BUFFALO, N.Y. – This week’s enactment of the 2021 Marijuana Regulation and Taxation Act (MRTA) stands as a pivotal moment for racial justice and community restoration in the State of New York. After years of working in partnership with the Drug Policy Alliance and the statewide StartSMART Coalition to advance the MRTA, Open Buffalo is proud to welcome its passage, and galvanized to ensure accountability and adherence to the bill’s justice-driven provisions.
For too long, New York and its municipalities have disproportionately targeted black and brown people for cannabis enforcement and incarceration, under the auspices of the War on Drugs and public safety. Passage of the MRTA, which contains directives for restoring the rights of many of those swept up in the war and economic investment in those communities, is an important step in the right direction.
Franchelle Parker, Open Buffalo’s Executive Director, offered the following reflection on this week’s news:
“As a child, I experienced firsthand the devastating impact the War on Drugs was having on communities of color. As a student leader/activist, New York State drug policy reform became the first issue I worked on. As a community, we have learned that legalization is important, but it must be coupled with equitable strategies to help repair the harm done to poor communities and communities of color during this unjust war.”
“The Marijuana Regulation and Taxation Act (MRTA) incorporates racial and economic justice that begins to right the wrongs of the past and present and encompasses the necessary visionary strategies to give hope and opportunity to our young people. MRTA begins to address both the racial and the economic inequalities that plague Western New York by calling for direct investments back into the communities that have been disproportionately harmed by biased and unjust policing and incarceration policies.”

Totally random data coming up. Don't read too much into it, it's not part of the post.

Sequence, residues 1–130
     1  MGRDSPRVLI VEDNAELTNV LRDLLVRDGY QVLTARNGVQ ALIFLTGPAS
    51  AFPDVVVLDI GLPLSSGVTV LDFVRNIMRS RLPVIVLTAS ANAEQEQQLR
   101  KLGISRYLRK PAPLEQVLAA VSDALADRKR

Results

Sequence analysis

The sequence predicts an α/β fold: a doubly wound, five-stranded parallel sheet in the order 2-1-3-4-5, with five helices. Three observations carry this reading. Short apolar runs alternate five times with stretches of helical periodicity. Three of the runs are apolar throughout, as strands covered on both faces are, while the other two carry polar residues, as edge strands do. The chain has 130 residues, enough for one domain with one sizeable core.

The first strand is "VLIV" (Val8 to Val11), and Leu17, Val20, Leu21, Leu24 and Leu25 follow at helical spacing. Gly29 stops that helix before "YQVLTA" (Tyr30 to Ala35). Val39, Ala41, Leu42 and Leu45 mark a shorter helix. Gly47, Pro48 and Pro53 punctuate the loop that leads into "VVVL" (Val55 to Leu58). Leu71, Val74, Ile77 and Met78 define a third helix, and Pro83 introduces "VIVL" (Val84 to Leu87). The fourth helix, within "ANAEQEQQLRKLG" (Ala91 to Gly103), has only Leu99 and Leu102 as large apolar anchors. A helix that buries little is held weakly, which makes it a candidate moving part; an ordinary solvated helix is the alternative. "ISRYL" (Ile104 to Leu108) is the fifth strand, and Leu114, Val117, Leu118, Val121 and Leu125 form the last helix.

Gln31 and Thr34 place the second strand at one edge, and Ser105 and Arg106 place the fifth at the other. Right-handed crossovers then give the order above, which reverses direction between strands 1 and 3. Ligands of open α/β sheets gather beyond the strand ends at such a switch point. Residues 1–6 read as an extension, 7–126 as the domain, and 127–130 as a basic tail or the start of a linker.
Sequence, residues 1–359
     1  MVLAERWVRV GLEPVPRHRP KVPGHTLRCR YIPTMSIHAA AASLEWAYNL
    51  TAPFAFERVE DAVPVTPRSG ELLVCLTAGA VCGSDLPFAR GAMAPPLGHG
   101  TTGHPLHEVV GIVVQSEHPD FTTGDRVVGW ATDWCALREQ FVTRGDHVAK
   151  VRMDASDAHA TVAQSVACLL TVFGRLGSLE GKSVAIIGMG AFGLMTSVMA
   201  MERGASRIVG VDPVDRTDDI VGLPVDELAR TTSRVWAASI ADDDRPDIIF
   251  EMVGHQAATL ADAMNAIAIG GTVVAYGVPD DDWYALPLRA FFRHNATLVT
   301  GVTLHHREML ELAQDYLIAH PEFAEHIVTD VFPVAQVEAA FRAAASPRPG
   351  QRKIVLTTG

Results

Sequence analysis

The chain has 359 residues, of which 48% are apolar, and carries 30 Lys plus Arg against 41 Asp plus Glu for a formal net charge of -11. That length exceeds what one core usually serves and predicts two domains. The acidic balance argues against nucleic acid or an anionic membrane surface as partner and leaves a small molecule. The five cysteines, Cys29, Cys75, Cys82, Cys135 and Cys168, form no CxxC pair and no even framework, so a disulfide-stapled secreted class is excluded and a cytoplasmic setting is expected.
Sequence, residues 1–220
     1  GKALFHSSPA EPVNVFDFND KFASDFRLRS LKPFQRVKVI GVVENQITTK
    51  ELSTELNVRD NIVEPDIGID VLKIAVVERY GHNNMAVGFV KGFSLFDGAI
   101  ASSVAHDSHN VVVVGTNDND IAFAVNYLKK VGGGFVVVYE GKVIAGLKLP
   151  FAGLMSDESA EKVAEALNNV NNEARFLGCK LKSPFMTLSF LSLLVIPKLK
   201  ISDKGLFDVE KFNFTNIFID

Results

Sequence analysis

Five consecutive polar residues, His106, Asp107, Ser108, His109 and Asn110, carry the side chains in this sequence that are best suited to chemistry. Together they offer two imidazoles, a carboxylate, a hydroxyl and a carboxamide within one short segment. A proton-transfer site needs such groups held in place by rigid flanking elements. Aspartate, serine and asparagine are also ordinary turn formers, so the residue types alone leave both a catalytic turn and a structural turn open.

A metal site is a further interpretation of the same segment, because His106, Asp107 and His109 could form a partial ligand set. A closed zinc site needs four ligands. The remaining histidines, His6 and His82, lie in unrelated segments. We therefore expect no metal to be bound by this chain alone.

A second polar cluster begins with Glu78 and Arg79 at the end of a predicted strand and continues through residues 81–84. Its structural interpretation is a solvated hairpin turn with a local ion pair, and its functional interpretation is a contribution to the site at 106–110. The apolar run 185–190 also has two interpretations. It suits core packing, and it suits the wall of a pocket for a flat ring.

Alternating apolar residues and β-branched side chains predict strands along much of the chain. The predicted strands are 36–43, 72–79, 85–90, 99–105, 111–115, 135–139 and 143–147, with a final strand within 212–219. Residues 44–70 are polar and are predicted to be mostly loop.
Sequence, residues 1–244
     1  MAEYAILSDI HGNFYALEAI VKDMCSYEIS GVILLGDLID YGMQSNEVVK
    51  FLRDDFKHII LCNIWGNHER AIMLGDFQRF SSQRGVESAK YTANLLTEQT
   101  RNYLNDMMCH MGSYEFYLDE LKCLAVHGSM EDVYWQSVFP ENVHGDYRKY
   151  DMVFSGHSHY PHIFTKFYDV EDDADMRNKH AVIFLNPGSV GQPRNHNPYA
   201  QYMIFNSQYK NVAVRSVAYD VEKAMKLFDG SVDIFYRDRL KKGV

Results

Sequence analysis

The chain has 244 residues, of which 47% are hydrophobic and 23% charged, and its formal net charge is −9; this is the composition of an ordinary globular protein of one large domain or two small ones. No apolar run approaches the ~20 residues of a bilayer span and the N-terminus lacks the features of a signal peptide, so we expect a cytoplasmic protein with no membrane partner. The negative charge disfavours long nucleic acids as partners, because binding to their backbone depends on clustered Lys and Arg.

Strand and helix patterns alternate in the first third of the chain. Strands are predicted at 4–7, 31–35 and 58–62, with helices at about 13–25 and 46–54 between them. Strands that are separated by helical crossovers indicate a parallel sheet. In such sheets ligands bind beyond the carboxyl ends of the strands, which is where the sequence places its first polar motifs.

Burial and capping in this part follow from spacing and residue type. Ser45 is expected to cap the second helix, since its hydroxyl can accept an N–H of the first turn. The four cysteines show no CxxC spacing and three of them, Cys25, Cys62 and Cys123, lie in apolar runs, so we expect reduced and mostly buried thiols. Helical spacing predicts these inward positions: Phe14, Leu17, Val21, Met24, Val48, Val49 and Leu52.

Since 2017, Open Buffalo has prioritized a cannabis justice agenda on the local and state levels in response to unequal marijuana arrests and disinvestment in communities of color. Having previously served as regional organizer of the statewide We Rise to Legalize campaign, Open Buffalo has educated and mobilized the voices of hundreds of residents from Western New York to support marijuana legalization that emphasizes rebuilding communities ravaged by racially biased drug enforcement practices.
Amid its cannabis reform work, Open Buffalo previously gathered more than 1,300 signatures in a campaign that called on Mayor Byron Brown and the Buffalo Police Department to de-prioritize arrests for low-level marijuana possession and designate it as the city's Lowest Law Enforcement Priority (LLEP), leading to the mayor adopting the policy in February 2019. Later in 2019, Open Buffalo welcomed the passage of statewide reforms that further decriminalized marijuana possession and provided a pathway for thousands of New Yorkers with nonviolent, low-level marijuana convictions to have their criminal records expunged.
2021 and Beyond
This year, graduates of Open Buffalo’s Emerging Leaders program launched the Community Restoration Project (CRP). This project is designed to bring economic and racial justice to black and brown communities through three key state legislative reforms: cannabis legalization; “clean slate” legislation to create a system of automatic criminal records expungement; and progressive tax reform. To date, the CRP’s public petition has collected 1,500 signatures of support. This week’s MRTA passage represents a major advancement for the project.
Cheney Brockington, an Open Buffalo Emerging Leaders graduate who has taken a leadership role in the CRP, said the following this week:
“Through the continued efforts of Assembly Majority Leader Crystal Peoples-Stokes, Sen. Elizabeth Krueger, and hundreds of advocates for equitable justice, the MRTA was officially passed in New York State. Legalization, alongside reform efforts to end continued wrongs perpetuated by the War on Drugs, is a major win for New Yorkers, many of whom have been affected by this 90-year prohibition. We at Open Buffalo celebrate this major accomplish, while also recognizing reform efforts must go beyond legalization.”
“As a supporter of the Community Restoration Project, I ask that we collectively stay committed to seeking continued expungement of records, as well as well-deserved progressive tax reform. We are grateful to continued supporters, advocates, and community members who stand behind this crucial legislation.”
During the remaining months of this year’s state legislative session, Open Buffalo and the Community Restoration Project will shift focus to advancing the two remaining policy planks – clean slate and tax reform – as well as public awareness and engagement around the implementation of the MRTA. Learn more about the Community Restoration Project here.